Is The Full-Time Employee Headed For Extinction?

France lags behind the rest of the industrialized world in facing fundamental changes to the nature of work. The old model dominated by wage labor just can't compete.

On their way out?
On their way out?
Jean-Marc Vittori


PARIS — There they are at the shoreline discussing the best way to allow the seawater to flow while minimizing any potential damages. One wants to build a low wall. Another, instead, wants to widen the crossings. A third one suggests building a temporary canal. A fourth one draws up a system of locks. The fifth, who attended ENA, France’s most prestigious public management school, draws plans for an elaborate mechanism that includes pipes, waterworks, gates, meters.

Time, meanwhile, passes by; and nobody has noticed that a gigantic wave is about to hit.

This is exactly what’s happening right now in France. Unemployment has once again become the population’s main anxiety. The government, the opposition, the trade unions, are debating the best way to kickstart employment.

But the nature of work itself is changing. It is a dramatic change. In the years to come, work will undergo the kind of transformation it hasn't seen since the Industrial Revolution of the 19th century. Looking to combat today's unemployment without taking into account this coming disruption is like planning seawater management without seeing that wave that is on its way.

Ever since Eve ate the apple, sending us out from the Garden of Eden, the human race has been condemned to work, though under different forms as time went by. First with hunting and gathering, then with agriculture that brought slavery, serfdom, tenant farming, and on to craftsmanship and shopkeeping.

From the 19th century, wage labor started to become the norm. This didn’t occur by chance. It is perfectly suited to the demands of industrial production, which became the main source of work in the first half of the 20th century. Laborers were paid to perform a repetitive, determinate task with a fixed wage and fixed hours in a confined space (which, it turned out, also made it easier to organize strikes).

Work thus fell into “employment,” the conditions of which improved with victories of organized labor and social justice, as well as rising productivity — though always subject to deteriorate when crises arrive.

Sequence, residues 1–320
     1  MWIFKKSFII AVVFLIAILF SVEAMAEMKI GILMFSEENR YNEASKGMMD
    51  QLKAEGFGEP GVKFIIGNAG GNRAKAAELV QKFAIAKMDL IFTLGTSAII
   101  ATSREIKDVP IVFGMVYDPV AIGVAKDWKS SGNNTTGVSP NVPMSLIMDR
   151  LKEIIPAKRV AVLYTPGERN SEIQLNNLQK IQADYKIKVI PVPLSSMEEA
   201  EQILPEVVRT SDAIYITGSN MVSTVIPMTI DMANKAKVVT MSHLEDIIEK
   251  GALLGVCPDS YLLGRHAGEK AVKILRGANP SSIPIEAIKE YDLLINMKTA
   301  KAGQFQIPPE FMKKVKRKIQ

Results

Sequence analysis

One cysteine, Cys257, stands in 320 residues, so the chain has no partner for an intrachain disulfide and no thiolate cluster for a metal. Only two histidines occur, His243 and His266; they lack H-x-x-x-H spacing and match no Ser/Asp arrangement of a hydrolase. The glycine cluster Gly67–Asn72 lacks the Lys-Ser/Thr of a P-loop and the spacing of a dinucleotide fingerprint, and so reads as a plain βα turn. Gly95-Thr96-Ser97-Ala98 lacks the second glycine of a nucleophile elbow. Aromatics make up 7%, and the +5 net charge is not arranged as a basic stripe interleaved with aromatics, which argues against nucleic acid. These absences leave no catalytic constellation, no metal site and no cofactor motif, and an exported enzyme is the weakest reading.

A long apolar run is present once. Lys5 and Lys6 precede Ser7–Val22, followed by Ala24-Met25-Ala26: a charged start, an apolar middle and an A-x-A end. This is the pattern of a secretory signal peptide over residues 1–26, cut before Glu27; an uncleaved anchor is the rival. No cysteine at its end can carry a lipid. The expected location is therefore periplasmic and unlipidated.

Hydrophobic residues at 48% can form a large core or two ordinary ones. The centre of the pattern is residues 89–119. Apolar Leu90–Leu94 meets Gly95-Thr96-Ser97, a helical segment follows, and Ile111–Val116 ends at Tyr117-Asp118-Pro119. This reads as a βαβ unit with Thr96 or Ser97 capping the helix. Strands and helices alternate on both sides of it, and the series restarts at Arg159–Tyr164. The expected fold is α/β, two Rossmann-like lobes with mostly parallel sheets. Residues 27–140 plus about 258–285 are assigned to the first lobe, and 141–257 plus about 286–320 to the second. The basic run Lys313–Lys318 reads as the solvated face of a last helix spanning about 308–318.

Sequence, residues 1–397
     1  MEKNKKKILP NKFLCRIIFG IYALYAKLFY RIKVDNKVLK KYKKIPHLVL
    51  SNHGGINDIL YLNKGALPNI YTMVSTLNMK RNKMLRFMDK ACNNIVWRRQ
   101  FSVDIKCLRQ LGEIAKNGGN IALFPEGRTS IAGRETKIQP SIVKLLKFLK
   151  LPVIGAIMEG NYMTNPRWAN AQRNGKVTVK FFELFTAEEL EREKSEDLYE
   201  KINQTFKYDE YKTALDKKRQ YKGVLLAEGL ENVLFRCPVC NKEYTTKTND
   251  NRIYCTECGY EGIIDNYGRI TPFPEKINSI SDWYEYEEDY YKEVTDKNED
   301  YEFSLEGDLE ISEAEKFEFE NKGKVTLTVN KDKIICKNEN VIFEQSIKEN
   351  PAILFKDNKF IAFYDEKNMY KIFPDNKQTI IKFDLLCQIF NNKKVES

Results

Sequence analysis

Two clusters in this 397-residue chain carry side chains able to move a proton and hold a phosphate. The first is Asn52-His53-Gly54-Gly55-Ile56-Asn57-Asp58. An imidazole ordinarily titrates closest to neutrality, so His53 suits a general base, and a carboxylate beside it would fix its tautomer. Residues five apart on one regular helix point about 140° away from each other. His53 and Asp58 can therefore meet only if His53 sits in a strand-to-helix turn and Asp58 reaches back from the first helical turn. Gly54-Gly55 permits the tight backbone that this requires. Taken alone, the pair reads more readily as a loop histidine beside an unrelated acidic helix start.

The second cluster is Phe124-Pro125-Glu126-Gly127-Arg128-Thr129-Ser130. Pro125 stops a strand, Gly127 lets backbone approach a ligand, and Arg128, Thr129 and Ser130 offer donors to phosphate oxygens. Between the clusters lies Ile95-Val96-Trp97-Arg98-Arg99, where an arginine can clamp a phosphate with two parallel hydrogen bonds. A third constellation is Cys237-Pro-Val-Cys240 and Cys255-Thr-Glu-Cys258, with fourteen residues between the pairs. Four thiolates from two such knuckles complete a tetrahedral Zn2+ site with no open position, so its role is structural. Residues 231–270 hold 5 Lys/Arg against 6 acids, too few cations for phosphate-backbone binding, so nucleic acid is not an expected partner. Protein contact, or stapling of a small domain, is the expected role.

Machines step in

The caveat about rising productivity is that production has completely changed. The proportion of laborers among the working population has dropped by half over the past 50 years, now standing at 20%. Heavy industry barely represents 10% of what it did in the middle of the last century.

More and more, material production and repetitive tasks are being done by machines. And as companies transform their practices, their geographical borders are moving too, as they depend ever more on exterior resources with information technologies, form teams according to their projects, long and short-term, and no longer require all employees to work on location.

In the collective book “Societal 2015,” Denis Pennel, managing director of the International Confederation of Private Employment Agencies, goes as far as asking whether we’re heading towards “the end of wage labor.” The question raised by this astute labor market expert might seem premature, especially in a country that still has 10 times more wage-earning workers than freelance workers (24 million against 2.6 million). But the model is less monolithic that it might seem.

Worker in France — Photo: Pixabay

One in every three wage-earners doesn’t have a permanent contract, long the standard contract of the industrial era. One in every two employees sometimes works on Saturdays. More than 2 million men and women have more than one job. Data from the French National Institute for Statistics and Economic Research shows that the number of freelance workers grew last year while the number of wage-earners decreased. In the U.S., one-fourth of workers are not wage-earners.

This rise (or rather rebirth) of freelance work is often presented in France as a choice by default, if not a terrifying step backwards in terms of social rights.

“Let the unemployed create their own jobs,” as then French Prime Minister Raymond Barre said in 1978. But many men and women aspire to work differently. Half of them would like to work from home. Two-thirds of part-timers say they’re doing it by choice. And many of those who’ve gone into freelancing claim they wouldn’t change back for the world, even if they often earn less and work more.

Of course, this formidable mutation raises myriad questions. There are, first of all, the abuses. We won’t name a certain former fellow journalist at L’Expansion who used to pontificate his superiors about social rights and now recruits only freelancers.

Then come the difficulties of those with few qualifications to find their place in this new and ever evolving environment, to take their future into their own hands, and the stress that a greater professional instability provokes.

On a collective level, the French welfare state and the social protections it provides rely on everybody being employed full-time in the same framework. For example, changing from the private to the public sector, or from wage labor to freelance work leads to massive losses for an individual's pension.